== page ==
Thursday, April 14th, 2011
Dear diary, it’s been too long! So much has happened since my last entry back in October and it’s a bit complicated to explain. Maintaining a healthy body can be a difficult balancing act. After a complete physical, including an artery scan and blood vessel flexibility test, my doctor found anomalies that pointed to elevated blood pressure – some thickening in the neck arteries and small blood vessels that tested “abnormal”. (Interestingly, I have since read a Science Daily article that explained that vegans and strict vegetarians are at risk for hardened arteries if they don’t get enough of the vitamins and nutrients that can prevent it, namely B12 and Omega 3′s.) My cholesterol levels weren’t an issue, but my vegetarian diet, which didn’t include eggs or milk, clearly needed improvement. I was very low in vitamins B12 and D. At that point, I was feeling pretty lousy from the lack of B12 – nervous, unfocused, plagued with painful and annoying sores on my tongue, constantly sick with colds and a wicked throat ailment that delayed one of my doctor visits. Before this, I was hardly ever sick. I was glad there was a reason and a solution for my ill health, and the vitamin D deficiency actually gave me hope. I had just read about a study linking low vitamin D to high blood pressure. I told my doctor cheerfully and he was full of genuine sympathy. “Maybe we’ll get lucky,” he said.
Because I’m fairly young and my blood pressure readings taken in the doctor’s office tend to hover in the pre-hypertension to stage 1 range, he was inclined to put me on medication to bring it down right away, but I didn’t want that. I convinced him to let me monitor myself morning and night and follow a regular exercise routine – a 2 mile walk a day at least 5 days a week. He knew the walking would be good for my heart, but he wasn’t sure it would help my blood pressure that much. Again, I had read about another study that showed that exercise can lower blood pressure in the short term as well as the long term. Plus exercise is a great stress reliever. Although I accept that my high blood pressure is at least partly hereditary, I know stress has something to do with it. After 2 weeks of walking, the doctor could see that my blood pressure numbers were dropping. He knew how determined I was, so he agreed to give me a few months to see what exercise, relaxation, and vitamin D could do.
So that’s what I’ve been up to – doctoring (and slowly paying off the doctor bill), taking my vitamins, exercising like crazy, working hard, and attempting to de-stress. There have been setbacks. The B12 didn’t kick in until I took a potent liquid version. And I lost a little too much body fat from walking, which left me exhausted and threw my hormones out of whack. I’m back in the swing now, eating sockeye salmon, drinking milk, eating eggs, and everything under the sun reputed to lower blood pressure – oranges, orange juice, blueberries, strawberries, walnuts, dark chocolate, green tea.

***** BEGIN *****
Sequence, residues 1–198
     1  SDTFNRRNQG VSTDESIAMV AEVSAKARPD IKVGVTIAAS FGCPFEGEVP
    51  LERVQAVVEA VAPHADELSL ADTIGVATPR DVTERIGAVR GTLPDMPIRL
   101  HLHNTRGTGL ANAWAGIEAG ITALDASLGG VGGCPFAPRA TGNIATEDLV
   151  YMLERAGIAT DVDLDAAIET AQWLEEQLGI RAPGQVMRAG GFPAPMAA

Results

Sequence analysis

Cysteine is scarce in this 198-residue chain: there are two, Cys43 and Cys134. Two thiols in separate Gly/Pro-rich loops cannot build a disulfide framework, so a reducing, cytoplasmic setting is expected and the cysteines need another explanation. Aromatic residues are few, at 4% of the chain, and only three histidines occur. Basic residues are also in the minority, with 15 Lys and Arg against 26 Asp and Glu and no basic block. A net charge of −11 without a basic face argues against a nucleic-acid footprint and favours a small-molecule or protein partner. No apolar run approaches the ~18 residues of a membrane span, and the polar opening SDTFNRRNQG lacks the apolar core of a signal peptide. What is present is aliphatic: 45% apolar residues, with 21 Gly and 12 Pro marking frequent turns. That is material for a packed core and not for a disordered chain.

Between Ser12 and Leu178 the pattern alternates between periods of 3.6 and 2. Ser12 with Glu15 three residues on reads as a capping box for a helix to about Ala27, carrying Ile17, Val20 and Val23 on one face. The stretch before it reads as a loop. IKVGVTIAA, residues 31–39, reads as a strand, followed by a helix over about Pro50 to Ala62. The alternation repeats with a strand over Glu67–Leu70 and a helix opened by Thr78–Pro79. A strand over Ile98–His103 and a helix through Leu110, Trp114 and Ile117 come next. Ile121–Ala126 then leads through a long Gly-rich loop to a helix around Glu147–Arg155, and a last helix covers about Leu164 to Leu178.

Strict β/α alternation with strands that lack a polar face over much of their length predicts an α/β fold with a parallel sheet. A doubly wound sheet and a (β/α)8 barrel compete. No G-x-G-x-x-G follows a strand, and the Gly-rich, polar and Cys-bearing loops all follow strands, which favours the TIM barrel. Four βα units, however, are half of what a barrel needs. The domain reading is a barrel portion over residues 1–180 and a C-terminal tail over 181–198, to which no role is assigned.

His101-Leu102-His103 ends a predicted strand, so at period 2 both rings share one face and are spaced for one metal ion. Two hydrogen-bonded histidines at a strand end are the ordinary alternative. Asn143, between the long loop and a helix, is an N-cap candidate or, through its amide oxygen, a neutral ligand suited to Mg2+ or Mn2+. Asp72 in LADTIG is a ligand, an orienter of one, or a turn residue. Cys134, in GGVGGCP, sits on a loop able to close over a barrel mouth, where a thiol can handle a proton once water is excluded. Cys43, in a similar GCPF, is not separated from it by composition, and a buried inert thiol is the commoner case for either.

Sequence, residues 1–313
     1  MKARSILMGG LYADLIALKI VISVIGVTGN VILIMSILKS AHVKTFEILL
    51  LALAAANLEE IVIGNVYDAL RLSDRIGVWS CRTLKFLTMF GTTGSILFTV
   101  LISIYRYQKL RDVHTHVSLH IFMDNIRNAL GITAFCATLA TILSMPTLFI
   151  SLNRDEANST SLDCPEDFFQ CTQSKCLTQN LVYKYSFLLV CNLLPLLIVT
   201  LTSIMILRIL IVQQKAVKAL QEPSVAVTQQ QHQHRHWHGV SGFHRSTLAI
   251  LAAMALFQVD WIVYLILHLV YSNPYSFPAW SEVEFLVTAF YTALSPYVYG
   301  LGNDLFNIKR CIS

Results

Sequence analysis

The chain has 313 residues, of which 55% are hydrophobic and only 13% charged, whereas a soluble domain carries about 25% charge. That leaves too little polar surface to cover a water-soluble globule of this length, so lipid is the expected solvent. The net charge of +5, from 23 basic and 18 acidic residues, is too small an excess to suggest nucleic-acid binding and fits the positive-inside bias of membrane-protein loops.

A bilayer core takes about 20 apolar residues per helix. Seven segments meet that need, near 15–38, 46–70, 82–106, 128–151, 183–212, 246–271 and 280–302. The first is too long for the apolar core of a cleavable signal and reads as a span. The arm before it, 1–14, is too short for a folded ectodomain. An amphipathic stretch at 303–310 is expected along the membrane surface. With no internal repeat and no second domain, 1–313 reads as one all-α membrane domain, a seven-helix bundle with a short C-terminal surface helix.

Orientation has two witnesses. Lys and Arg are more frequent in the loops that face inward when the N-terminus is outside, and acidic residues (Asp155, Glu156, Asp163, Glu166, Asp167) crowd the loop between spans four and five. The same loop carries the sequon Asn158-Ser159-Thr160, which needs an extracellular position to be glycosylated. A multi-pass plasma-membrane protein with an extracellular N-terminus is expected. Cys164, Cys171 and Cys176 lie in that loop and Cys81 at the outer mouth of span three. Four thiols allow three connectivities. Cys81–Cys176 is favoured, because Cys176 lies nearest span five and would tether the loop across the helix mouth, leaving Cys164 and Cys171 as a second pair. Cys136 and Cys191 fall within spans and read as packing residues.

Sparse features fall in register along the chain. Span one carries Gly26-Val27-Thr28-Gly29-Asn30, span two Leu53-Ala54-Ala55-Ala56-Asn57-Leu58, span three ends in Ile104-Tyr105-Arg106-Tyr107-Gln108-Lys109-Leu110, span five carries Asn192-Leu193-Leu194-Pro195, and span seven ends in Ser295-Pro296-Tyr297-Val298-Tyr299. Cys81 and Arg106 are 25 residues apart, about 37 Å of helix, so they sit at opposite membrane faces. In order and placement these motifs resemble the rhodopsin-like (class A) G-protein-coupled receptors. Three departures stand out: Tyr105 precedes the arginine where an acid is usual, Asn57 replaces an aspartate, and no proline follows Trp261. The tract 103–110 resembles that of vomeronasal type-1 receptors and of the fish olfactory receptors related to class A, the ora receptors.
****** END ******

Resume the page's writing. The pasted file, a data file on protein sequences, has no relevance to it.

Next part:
I have days when my blood pressure gets me down, when I don’t want to test myself. The beeping sound when the test begins makes me nervous and I hate it when the cuff squeezes my arm, sometimes so tight that it leaves a red mark. Even if I have 8 out of 10 good blood pressure readings, the perfectionist in me seizes on the higher ones (even when they aren’t that high at all). I wonder what I did wrong.
Sometimes this whole health regimen overwhelms me. I’ve started practicing a relaxing breathing technique described by Dr. Andrew Weil. It seems to be helping, but I know I have more to do. In the last few months, I’ve read about so many activities that are said to lower blood pressure that I feel I need to make a list and create a schedule for myself to fit everything in – tai chi, yoga, meditation, singing, music therapy, tap dancing (I made this last one up myself; if I could dance in front of the TV watching Fred Astaire and Ginger Rogers, I’m convinced I’d tap the high blood pressure away.)
It’s nearly April 15. Last night I couldn’t help thinking about my taxes as the blood pressure cuff squeezed tighter and tighter. Needless to say, the reading was a little high. Maybe that “to do” list isn’t such a crazy idea after all.
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